When Ecclestone brought up the possibility of a young man taking over the team, Mateschitz was willing to take a chance. For Horner, this would entail a sudden shift from managing a team of 20 to leading an organization with nearly 500 employees (now around 1,700), including the challenge of boosting morale.
Horner already knew Dr Helmut Marko, Mateschitz’s compatriot and motor sport adviser, with whom the current rift – perhaps also involving Jos Verstappen, the current champion’s father – is said to have opened in recent months.
Marko is a former race car driver who had the potential to become a championship contender, but unfortunately lost an eye due to a flying stone incident at a grand prix in 1972. He and Horner were rivals as team owners in F3000 before Marko teamed up with Mateschitz to establish Red Bull’s young driver program. Marko is known for his merciless approach in removing those who do not meet the team’s standards.
Horner expressed that he has always had a positive connection with Helmut. He remembers when he first started his team, Arden, and purchased a used trailer from Helmut in Graz. At the time, Horner was not aware of Helmut’s accomplishments and reputation. Despite this, he trusted Helmut and made a deal with him based solely on a handshake. It wasn’t until Horner visited Helmut’s workshop and saw newspaper clippings featuring Austrian racing legends such as Niki Lauda, Jochen Rindt, and Helmut Marko that he realized who Helmut truly was.
After installation, Horner focused on persuading renowned designer Adrian Newey to leave McLaren. Both were from Warwickshire and had gone to the same prep school, though they were 10 years apart. During the Monaco GP weekend, Newey accepted Horner’s invitation to attend a gala premiere of Red Bull’s promoted film, Superman Returns. During dinner, they started discussing the potential of Newey joining as a designer for championship-winning cars, having previously worked with Williams and McLaren. Five years later, Vettel claimed Red Bull’s first of seven drivers’ and six constructors’ titles.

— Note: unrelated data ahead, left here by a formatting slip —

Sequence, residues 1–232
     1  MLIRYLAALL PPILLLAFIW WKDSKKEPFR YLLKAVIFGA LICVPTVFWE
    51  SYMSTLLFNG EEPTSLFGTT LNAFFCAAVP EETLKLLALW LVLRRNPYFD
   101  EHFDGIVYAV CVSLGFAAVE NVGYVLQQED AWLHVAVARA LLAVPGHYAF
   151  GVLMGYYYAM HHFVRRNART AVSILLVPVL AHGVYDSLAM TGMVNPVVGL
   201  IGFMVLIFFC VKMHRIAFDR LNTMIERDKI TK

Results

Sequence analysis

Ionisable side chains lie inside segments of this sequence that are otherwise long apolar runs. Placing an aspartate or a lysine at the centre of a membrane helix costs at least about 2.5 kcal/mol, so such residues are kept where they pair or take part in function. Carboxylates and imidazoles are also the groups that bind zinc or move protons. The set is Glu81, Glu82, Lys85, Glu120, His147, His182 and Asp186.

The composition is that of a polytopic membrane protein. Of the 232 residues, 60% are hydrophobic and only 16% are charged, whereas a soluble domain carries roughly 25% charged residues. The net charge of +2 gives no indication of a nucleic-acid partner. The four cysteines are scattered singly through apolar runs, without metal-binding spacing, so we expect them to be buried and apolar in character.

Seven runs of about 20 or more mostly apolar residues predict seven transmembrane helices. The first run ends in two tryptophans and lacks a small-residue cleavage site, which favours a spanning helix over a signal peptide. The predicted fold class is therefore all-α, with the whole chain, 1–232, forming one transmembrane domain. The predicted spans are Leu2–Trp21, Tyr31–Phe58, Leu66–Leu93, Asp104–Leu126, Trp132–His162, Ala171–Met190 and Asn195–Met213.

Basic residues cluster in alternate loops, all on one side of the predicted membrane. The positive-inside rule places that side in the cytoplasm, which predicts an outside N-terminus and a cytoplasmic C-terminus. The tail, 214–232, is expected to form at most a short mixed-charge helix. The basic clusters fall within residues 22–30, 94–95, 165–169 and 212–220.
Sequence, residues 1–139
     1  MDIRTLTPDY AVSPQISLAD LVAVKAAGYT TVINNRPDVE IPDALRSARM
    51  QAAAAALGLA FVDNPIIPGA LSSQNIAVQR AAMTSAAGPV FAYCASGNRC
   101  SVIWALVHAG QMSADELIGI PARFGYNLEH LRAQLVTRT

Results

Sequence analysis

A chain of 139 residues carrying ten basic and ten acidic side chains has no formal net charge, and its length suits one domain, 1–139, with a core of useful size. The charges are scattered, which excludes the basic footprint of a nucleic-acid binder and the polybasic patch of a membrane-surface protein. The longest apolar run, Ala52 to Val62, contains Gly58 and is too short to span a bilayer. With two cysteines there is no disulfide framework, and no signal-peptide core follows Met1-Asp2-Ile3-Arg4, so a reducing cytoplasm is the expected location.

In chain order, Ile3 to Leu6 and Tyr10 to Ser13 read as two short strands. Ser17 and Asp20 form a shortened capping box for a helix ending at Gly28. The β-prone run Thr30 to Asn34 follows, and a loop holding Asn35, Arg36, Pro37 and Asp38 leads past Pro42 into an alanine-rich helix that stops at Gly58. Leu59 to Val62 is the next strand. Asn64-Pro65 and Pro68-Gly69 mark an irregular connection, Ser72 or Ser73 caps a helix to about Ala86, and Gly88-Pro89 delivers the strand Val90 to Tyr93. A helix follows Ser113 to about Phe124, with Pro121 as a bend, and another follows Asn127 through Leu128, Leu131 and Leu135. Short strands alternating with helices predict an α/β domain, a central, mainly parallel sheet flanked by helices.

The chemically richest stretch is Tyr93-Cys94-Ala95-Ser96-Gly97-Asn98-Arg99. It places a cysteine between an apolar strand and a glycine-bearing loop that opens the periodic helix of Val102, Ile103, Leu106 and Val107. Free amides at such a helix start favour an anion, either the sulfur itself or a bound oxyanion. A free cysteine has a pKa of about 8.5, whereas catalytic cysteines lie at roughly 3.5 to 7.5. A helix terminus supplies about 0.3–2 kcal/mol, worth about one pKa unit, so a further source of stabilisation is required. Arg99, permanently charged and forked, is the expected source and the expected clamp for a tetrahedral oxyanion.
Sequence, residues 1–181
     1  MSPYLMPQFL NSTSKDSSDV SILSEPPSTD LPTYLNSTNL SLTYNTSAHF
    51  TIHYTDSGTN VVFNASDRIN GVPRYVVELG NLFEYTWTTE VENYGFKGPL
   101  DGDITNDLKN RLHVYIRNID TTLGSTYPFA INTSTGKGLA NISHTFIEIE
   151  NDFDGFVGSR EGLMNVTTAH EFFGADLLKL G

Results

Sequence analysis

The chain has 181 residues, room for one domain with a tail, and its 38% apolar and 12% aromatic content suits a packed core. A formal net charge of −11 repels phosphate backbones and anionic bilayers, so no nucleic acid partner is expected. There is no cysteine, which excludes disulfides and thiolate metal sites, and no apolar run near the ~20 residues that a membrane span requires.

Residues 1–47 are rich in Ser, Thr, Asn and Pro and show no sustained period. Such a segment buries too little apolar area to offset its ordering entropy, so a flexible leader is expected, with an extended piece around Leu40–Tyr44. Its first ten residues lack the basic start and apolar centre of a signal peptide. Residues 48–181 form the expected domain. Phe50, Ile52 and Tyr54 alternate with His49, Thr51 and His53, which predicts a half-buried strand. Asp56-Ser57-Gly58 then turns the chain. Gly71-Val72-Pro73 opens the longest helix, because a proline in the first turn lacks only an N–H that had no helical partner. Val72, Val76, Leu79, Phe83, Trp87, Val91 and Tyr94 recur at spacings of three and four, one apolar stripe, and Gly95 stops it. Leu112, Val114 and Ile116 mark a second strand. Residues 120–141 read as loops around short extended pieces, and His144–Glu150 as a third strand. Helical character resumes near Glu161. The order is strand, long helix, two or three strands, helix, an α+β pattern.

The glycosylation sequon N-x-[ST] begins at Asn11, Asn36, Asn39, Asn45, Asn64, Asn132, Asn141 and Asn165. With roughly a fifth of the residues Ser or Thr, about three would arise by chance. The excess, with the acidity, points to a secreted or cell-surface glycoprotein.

Previously, the choice regarding Horner’s future would have been determined by Mateschitz, potentially under the influence of the now-replaced Ecclestone. However, in present times, the situation is not as definite. It is important to note that both Horner and Newey have “key man” provisions in their agreements, which would become invalid if the other were to leave.
Newey is the most accomplished designer in the world of Formula One, while Horner has demonstrated a strong ability in promoting the sport. He is often seen attending social gatherings with his wife, former Spice Girl Geri, and is always willing to share his well-crafted thoughts with reporters and listeners alike. Together with Mercedes’ Toto Wolff, they have made headlines with their intense and occasionally bitter rivalry, reminiscent of the dynamic between Alex Ferguson and Arsène Wenger.
Like many others in the F1 community, Horner has not been immune to creating rivalries. As the start of the season approaches in Bahrain, there is heightened curiosity surrounding the lawyer’s decision and how it may impact the immediate future of F1.